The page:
• Prometheus Redux
  • September 27, 2011 | Author: Karen J. Axt
  • Law Firm: Cadwalader, Wickersham & Taft LLP - New York Office
  • The Supreme Court, for a second time, granted a petition for certiorari in Mayo Collaborative Serv. v. Prometheus Labs Inc., No. 10-1150, on June 20, 2011, thereby vacating the Federal Circuit's December 17, 2010, opinion (628 F.3d 1347) which had been decided on remand for reconsideration in light of Bilski v. Kappos, 130 S. Ct. 3218 (2010).

    In its December 2011 decision, the Federal Circuit held as patent eligible subject matter under 35 U.S.C. §101 Prometheus' claims directed to methods of optimizing therapeutic efficacy for a particular disorder.  The representative methods include the steps of administering a particular therapeutic compound to a subject having the disorder and determining levels of metabolites of the administered compound in that subject, in addition to the "mental step", in the form of "wherein" clauses, of comparing the determined levels of metabolites to specific points of reference levels that indicate a need either to increase or decrease the amount of drug administered.  See February 14, 2011, IP Insight article by Jeffrey Liao discussing the December decision.  The Federal Circuit determined that the administering and determining steps were not just "data gathering", but were central to the claimed method of optimizing the efficacy of treatment.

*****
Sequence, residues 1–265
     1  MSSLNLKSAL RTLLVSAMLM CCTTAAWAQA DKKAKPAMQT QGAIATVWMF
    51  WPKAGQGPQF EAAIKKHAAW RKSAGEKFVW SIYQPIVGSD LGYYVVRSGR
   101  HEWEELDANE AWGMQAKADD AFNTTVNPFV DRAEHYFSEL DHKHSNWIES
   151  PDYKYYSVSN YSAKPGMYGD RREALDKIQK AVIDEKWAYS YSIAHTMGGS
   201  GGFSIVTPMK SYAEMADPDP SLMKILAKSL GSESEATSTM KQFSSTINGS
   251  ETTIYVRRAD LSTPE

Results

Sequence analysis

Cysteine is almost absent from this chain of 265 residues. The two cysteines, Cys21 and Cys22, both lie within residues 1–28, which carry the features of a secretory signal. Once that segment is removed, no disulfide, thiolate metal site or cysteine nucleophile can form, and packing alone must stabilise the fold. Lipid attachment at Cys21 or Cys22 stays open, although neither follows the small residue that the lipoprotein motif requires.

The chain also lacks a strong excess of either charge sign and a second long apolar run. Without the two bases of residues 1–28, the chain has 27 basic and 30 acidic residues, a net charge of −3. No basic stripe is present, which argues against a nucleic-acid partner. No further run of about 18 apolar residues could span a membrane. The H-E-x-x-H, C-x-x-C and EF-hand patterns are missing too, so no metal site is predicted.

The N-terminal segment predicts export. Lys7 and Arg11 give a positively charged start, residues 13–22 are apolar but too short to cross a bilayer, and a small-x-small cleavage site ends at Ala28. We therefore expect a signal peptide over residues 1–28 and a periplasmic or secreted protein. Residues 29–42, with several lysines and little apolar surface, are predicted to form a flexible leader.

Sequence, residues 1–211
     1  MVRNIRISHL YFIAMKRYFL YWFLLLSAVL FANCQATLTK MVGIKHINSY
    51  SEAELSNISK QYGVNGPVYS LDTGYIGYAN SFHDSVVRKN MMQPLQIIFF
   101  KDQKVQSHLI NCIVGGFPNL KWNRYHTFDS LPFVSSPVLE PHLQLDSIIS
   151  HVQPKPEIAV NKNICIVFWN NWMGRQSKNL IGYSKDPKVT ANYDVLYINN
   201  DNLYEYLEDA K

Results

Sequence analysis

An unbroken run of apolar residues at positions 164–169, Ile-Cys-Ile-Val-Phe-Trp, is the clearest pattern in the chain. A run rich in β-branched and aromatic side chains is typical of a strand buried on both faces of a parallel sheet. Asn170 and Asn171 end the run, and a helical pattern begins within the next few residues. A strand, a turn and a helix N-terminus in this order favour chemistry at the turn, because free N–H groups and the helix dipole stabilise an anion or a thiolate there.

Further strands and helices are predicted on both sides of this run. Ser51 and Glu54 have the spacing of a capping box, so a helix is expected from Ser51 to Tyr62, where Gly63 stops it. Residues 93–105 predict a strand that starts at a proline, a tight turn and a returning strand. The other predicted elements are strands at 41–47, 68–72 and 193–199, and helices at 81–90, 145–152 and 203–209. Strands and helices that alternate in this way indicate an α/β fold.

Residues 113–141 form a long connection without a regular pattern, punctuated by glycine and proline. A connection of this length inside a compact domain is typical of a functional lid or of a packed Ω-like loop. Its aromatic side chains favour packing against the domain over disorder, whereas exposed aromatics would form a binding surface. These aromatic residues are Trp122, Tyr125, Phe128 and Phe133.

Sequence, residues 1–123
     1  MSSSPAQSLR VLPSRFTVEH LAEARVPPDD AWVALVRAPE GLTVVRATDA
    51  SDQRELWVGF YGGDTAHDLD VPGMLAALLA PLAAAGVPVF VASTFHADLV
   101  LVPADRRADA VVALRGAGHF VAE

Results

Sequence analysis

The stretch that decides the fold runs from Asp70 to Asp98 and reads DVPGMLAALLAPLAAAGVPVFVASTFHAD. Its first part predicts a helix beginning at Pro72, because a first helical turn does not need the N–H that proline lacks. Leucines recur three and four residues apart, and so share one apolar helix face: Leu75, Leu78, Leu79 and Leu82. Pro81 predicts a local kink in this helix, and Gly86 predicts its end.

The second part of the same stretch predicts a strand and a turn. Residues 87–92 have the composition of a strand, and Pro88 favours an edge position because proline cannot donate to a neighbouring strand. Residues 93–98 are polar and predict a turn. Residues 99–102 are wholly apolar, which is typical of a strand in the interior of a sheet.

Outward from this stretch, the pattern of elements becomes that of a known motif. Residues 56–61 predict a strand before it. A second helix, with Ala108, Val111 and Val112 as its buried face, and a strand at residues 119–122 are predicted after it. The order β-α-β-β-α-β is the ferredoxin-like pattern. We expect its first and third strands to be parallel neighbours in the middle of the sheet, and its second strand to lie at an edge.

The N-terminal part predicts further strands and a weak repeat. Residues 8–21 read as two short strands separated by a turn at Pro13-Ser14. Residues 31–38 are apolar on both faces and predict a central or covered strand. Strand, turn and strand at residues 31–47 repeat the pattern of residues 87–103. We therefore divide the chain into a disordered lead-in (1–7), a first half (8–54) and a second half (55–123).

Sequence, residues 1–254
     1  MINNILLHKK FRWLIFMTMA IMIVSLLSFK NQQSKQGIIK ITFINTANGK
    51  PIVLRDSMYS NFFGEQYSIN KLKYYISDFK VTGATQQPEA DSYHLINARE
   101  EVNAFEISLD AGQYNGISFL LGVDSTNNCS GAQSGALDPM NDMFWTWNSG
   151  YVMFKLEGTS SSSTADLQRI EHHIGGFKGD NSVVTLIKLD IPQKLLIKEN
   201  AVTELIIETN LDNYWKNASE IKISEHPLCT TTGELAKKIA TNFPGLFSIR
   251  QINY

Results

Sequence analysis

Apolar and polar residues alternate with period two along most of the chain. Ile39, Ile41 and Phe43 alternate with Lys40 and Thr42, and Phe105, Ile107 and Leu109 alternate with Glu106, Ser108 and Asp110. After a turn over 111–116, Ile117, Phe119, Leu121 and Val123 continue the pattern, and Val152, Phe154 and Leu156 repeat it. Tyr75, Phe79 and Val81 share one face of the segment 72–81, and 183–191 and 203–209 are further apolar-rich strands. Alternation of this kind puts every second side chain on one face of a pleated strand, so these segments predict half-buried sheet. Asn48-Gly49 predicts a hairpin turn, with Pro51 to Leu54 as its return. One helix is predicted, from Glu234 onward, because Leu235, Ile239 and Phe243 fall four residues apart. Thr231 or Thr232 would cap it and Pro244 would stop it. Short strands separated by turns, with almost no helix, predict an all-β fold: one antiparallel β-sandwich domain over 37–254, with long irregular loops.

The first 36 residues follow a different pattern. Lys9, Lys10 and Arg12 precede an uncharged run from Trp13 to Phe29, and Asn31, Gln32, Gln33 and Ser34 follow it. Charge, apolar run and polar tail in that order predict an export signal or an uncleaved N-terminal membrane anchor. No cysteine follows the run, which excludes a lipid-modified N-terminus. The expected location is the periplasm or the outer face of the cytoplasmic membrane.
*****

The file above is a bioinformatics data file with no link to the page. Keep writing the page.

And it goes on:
The current question presented by the Supreme Court is to determine:

    Whether 35 U.S.C. §101 is satisfied by a patent claim that covers observed correlations between blood test results and patient health, so that the claim effectively preempts all uses of the naturally occurring correlations, simply because well-known methods used to administer prescription drugs and test blood may involve "transformations" of body chemistry.

    The question presented suggests the Supreme Court may consider the claims patent ineligible under §101.  The grant of Certiorari describes the case in a similar tone:  "This case concerns whether a patentee can monopolize basic, natural biological relationships."

    Oral arguments are set for Wednesday, December 7, 2011.  Twelve briefs have been filed by amici curiae.